It was a fun, but long, vacation and at the end I think we were all ready to go home. Phoenix was a trooper, really being good most of the time despite the record heat (~95F each day) and not getting a nap. Toward the end we were all tired, she was starting to get naughty, and we’d all walked our feet off. I think that’s part of what makes it a good one, yeah?

The whole family riding the trolley in California

I posted a few more pictures for folks interested. Good times, and I look forward to the next vacation.

dotnet, autofac comments edit

For those of you who use Autofac, I thought I’d provide a bit of a project update to let you know what’s going on.

First, there’s been a little shake-up in the project ownership role. Nick Blumhardt, original creator, will still be working on the project as a committer but has stepped down as an owner. Alex Meyer-Gleaves will remain an owner, and I’ve now been made a co-owner with him. Nick has posted a formal announcement in the Autofac newsgroup. Huge props to Nick for making such an awesome product; I hope I can help carry that forward with as much success.

Next, we’re working hard on the upcoming release of Autofac, which we’ll be calling 3.0. The core Autofac assembly will be a Portable Class Library so we can support WinRT, Silverlight, and full .NET. That will potentially mean a few small breaking changes, but it shouldn’t be too bad to adjust to. We’ll be adding NuGet packages for all of the contributed projects (which are now the “Autofac Extras”). Dependencies have been updated so we’ll link to more current releases. We’re running down the issues list to see if we can get as many resolved as possible before the final release. And we’ve done a ton of updating to the build and static analysis process so it’s easier to work on, easier to extend, and adds a lot more confidence to the shipping builds. I really think you’ll like it.

I anticipate that should all be showing up Real Soon Now. You can follow the progress on the Autofac newsgroup.

media comments edit

As part of my media center solution, I have a fairly rigorous media and metadata management process that goes on any time I acquire new media. I figured I might give folks a glimpse behind the curtain so you know what goes on. Broken down by media type, here’s how it goes from acquisition to “in the system.”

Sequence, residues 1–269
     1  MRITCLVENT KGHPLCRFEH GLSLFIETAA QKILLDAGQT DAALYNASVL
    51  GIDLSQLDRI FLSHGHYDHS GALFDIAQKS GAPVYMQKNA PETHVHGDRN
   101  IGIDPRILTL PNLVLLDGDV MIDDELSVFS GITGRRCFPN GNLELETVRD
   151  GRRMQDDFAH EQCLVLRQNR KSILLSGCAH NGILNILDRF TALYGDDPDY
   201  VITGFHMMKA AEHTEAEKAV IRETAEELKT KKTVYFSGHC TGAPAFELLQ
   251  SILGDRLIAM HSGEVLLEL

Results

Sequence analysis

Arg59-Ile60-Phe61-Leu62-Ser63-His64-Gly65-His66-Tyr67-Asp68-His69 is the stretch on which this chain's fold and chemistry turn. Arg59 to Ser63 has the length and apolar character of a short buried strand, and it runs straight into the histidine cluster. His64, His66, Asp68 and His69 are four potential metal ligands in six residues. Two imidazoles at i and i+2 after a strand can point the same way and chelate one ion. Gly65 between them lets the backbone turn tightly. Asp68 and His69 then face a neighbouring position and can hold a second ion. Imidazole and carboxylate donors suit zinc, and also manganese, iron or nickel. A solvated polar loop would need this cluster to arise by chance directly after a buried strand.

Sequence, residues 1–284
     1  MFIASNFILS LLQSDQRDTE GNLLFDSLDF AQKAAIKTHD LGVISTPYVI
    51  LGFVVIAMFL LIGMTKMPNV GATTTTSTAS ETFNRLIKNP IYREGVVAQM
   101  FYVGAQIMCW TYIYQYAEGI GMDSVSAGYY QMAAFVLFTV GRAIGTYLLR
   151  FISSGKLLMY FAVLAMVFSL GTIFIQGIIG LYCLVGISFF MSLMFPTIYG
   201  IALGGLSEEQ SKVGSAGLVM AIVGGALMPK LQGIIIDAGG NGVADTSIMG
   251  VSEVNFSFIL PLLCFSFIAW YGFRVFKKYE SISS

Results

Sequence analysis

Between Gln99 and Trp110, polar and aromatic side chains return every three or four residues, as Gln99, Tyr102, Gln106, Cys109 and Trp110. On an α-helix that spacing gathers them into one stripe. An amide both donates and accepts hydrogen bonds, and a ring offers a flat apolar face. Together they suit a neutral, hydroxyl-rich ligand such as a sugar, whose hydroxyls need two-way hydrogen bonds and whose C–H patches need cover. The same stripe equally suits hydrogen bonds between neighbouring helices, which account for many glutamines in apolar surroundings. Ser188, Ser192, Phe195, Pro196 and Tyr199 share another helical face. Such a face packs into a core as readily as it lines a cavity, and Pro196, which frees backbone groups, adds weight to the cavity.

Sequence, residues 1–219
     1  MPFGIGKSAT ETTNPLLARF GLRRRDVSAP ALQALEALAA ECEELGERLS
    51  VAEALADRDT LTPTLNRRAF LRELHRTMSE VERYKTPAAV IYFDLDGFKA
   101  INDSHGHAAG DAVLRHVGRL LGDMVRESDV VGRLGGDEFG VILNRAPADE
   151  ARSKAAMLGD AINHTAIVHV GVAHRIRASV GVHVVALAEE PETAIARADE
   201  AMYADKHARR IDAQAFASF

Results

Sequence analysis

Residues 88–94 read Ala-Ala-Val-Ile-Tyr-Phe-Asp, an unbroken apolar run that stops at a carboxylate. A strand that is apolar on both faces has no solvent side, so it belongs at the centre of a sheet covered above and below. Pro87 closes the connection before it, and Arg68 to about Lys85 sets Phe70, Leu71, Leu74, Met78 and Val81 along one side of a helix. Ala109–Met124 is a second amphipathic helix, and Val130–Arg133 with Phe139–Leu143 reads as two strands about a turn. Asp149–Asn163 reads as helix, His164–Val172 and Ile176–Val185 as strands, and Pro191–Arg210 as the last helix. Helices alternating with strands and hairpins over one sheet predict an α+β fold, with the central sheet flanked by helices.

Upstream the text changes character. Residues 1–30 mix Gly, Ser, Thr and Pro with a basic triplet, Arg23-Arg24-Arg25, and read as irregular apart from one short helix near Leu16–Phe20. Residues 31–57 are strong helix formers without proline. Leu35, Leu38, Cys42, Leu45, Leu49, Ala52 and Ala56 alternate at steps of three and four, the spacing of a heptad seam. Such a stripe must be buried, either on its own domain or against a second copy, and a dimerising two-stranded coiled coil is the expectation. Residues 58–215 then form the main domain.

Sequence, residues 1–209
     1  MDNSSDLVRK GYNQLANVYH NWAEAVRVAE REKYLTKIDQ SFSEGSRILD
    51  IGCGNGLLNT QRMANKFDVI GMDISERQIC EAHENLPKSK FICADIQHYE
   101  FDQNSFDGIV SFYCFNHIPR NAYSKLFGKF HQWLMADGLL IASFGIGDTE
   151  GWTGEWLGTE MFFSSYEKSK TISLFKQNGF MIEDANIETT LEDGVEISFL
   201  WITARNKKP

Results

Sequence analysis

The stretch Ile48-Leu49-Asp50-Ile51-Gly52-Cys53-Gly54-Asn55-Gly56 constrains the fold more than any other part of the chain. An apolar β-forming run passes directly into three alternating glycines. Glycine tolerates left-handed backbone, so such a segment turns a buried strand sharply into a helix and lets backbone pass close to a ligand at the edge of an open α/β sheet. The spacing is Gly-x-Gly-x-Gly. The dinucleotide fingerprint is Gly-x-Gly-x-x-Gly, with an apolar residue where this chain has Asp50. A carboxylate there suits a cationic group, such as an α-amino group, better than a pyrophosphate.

• Audio (Music, Audiobooks)
    • CD 1. Add to Music Collector. - Enter the CD info, generally by bar code. - Clean up artist or album name data if needed. - Synchronize collection with Music Collector Online. 2. Add to iTunes. - Rip CD as Apple Lossless. Files end up on Windows Home Server for later serving via Asset UPnP. - Clean up metadata as needed - artist, album, cover art, etc. 3. Synchronize iPod. 4. File the disc. - Pull the disc, front cover, and back cover out of the plastic box. - File the disc with the front cover in a DJ box. - File the back cover in an expanding folder. - Recycle the plastic box.
    • Digital (MP3, AAC) 1. Download from original source (usually Amazon MP3). 2. Add to iTunes. - Drag into iTunes. Files end up on Windows Home Server for later serving via Asset UPnP. - Clean up metadata as needed - artist (last, first), album, etc. 3. Synchronize iPod. 4. Add to Music Collector. - Add the digital files to Music Collector. - Clean up artist or album name data if needed. - Link to a Music Collector album profile. - Synchronize collection with Music Collector Online.
  • Video (Movies, TV Shows)
    • Blu-ray 1. Add to DVD Profiler. - Update the local profile database for my existing collection. - Enter the disc info, generally by bar code. - Synchronize collection with DVD Profiler Online. - Backup the local profile database. 2. File the disc. - Pull the disc cover, discs, and inserts out of the plastic box. - File the disc with covers and inserts in a DiscSox storage set. - Recycle the plastic box.
    • DVD 1. Add to DVD Profiler. - Update the local profile database for my existing collection. - Enter the disc info, generally by bar code. - Synchronize collection with DVD Profiler Online. - Backup the local profile database. 2. Rip the disc and add to media center. - Rip the disc with DVDFab HD Decrypter. - Update the folder name with the disc image so XBMC can scrape data. - IMDb format for movies. - TheTVDB format for TV shows. - Update the DVDID XML file if needed for Windows Media Center. - Copy the disc image onto my NAS (Synology DS1010+) for later serving. - Start XBMC on my master computer (read/write access to the database) and let XBMC scraping add the new item to the database. - Verify/correct any XBMC metadata issues. - Start Windows Media Center on my master computer and wait for it to add the cached metadata XML file to the system. - Correct the metadata using DVD Library Manager including better cover scans. 3. File the disc. - Pull the disc cover, discs, and inserts out of the plastic box. - File the disc in a binder. - File the cover in an expandable folder. - File the inserts in a small photo box. - Recycle the plastic box. 4. Optional: Convert for Mobile Use (via Handbrake). If I do this, I put it into iTunes and then sync iPod and iPad.